• It what way, “unusual”? Do you mean that I’m in the minority? If I were looking to win a popularity contest, I would have given up long ago. Instead, I’m looking to do what makes sense, and I cater to those who feel the same way.

          Or do you mean that my recommendation doesn’t make sense? I can’t think of why one would want to emphasize cross-references. What makes them so special? Why not emphasize, I don’t know, the word “liabilities” instead? Or the word “indemnify”? Or something else?

          It’s perhaps relevant that every style guide that addresses the subject recommends using all lowercase. Contract prose isn’t some precious snowflake that merits special treatment when it comes to cross-references.

          Finally, my approach is the opposite of your “one size does not fit all.” For every concept expressed in a contract, there’s the best way of expressing it, then all the other ways. It makes my life easier to use only the best ways, and life would be simpler for everyone if we all used only the best ways.

          • Well said, Mr. Crabby. I thought of two more anti-nitcap points, probably both low blows:

            1/ Excessive nitcapping comes across as Teutonic. English is not German, which capitalizes every noun. Why make legalese even more alien to common English than it has to be? (Please pass the Liberty Cabbage.)

            2/ Nitcapping also smacks of semi-literacy: “Dear Editor: I found a Mistake in your Article about the Murder….”

          • I explained above that, for me and my colleagues, it’s an issue of readability. If you’re using section, chapter, etc. that many times in ONE sentence then, yes, I agree that chances are that you are semi-literate and can’t think of a suitable substitute; I do not have that problem. I do not think that initial caps makes a contract “alien” to a reader; I think it makes the contract more “common/colloquial.”

          • You seem to have an intolerance for other people’s perspectives. I did not insult you. I spoke to my experience after writing/reviewing thousands of contracts. If you can’t take criticism or an opposite point of view, you shouldn’t host a blog. I am entitled to my opinion and I (and my colleagues) happen to think I am right. Nothing that you write is going to change that.

          • It’s not a matter of intolerance of other people’s perspectives. If you examine my blog posts you’ll find that thanks to my readers, I’ve eaten crow on many occasions. And yes, you didn’t insult me, but I didn’t insult you either, beyond challenging your ideas.

            It’s my self-appointed task to spend my days in the marketplace of ideas, testing my ideas and the ideas of others. If I think that an idea doesn’t make the grade, I’ll says so, and I’ll explain why. And sometimes I state myself plainly, without any sugar-coating.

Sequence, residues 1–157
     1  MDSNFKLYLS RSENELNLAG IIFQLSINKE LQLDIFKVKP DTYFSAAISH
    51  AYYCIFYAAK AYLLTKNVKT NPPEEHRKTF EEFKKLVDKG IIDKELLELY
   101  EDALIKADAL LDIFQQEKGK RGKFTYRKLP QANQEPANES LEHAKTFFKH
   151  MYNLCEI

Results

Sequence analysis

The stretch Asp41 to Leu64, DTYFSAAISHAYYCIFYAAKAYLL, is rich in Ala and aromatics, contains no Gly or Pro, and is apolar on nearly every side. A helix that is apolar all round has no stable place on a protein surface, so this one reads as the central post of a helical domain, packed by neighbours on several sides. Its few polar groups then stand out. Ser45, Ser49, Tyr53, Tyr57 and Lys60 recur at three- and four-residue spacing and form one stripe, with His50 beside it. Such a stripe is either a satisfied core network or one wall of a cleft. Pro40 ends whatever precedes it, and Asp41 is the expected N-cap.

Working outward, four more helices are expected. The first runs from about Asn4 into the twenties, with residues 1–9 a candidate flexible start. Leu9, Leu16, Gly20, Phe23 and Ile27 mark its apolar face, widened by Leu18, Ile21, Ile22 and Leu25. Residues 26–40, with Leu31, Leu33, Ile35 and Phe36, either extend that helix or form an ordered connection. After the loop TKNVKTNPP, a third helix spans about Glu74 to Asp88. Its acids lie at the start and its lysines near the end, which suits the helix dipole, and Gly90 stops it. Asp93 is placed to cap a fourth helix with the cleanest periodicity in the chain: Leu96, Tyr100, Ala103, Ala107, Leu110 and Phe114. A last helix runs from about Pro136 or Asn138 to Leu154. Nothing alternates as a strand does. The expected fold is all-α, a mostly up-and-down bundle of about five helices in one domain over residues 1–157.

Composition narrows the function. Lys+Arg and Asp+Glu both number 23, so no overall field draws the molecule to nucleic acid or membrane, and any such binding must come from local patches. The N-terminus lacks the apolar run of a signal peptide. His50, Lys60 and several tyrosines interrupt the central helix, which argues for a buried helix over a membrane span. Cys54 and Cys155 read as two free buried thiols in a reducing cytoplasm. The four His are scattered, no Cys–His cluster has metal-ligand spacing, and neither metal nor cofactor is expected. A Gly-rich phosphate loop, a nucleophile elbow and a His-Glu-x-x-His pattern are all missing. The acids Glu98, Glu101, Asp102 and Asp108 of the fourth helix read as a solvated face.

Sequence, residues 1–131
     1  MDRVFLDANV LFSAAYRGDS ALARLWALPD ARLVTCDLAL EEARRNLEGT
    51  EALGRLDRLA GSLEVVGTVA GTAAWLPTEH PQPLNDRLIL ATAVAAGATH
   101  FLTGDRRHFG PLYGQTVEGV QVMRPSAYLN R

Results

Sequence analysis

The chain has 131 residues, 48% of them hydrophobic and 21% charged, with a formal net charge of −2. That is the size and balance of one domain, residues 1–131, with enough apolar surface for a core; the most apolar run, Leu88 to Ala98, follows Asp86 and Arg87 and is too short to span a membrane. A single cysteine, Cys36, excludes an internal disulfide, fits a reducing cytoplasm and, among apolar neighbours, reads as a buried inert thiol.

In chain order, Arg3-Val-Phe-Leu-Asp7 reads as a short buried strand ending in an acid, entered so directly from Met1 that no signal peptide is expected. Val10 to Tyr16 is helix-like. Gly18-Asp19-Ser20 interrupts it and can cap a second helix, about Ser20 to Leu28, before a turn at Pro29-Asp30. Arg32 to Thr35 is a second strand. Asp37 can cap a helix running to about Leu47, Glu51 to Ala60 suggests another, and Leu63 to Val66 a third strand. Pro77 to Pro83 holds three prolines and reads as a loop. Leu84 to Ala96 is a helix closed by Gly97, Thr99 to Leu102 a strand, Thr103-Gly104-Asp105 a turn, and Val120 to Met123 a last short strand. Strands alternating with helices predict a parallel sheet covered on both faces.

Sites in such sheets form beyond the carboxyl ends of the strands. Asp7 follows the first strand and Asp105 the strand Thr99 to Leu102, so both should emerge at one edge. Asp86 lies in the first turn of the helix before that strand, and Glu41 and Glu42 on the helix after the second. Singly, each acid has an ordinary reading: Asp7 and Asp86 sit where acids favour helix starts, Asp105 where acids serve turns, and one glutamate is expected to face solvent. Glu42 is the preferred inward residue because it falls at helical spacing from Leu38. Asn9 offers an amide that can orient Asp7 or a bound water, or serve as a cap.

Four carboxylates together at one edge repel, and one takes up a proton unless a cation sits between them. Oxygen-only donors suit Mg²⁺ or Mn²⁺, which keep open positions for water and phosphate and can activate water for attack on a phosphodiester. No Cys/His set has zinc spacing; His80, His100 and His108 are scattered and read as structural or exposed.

It’s routine for people to tell me that they don’t agree with me. That’s less important to me that establishing in my own mind what makes sense.

            It might be that you’re new to this blog. If that’s the case, I hope that any sense of affront wears off and that you’ll consider commenting in the future.

          • In terms of insult, I think I’m referring to statements like these: “Instead, I’m looking to do what makes sense, and I cater to those who feel the same way.” The underlying assumption is that, if people don’t agree with you, they don’t make sense or have sense. You can believe that you make sense and that you are right, but others may not agree. I think it is incorrect to assert that others don’t “make sense” because they have a different point of view. After all, what we (as lawyers) are supposed to do is to assert our different points of view. That being said, I’ve been insulted before. I don’t think that it will now deter me from reading your blog or posting my opinion. It is refreshing to find a blog that caters to transactional matters. And, sometimes I actually agree with you.

          • As an editor of legal translations who deal with large swaths of text every day, I can tell you that capitalization of clauses and sections and the like is not helpful but it rather wears you down as it mixes with the defined terms. What IS helpful is the number that stands out in the text like section 3. So, no capitalization of all the references is more of a burden in real life.

  3. In a lighter vein, I guess Ms/Mr T has applied the `expectation of relevance’/expressio unius est exclusio alterius to “Instead, I’m looking to do what makes sense, and I cater to those who feel the same way.”! More seriously, I suppose the anti-nitcap rule also applies to “petitioner”, “respondent”, “claimant” etc. in pleadings. But, “the (L/l)earned (J/j)udge” always foxes me – would really appreciate your views on this [To revert to the lighter vein, “Learned” seems more appropriate oftentimes – one is then secure in the feeling that it can never been construed as an adjective!]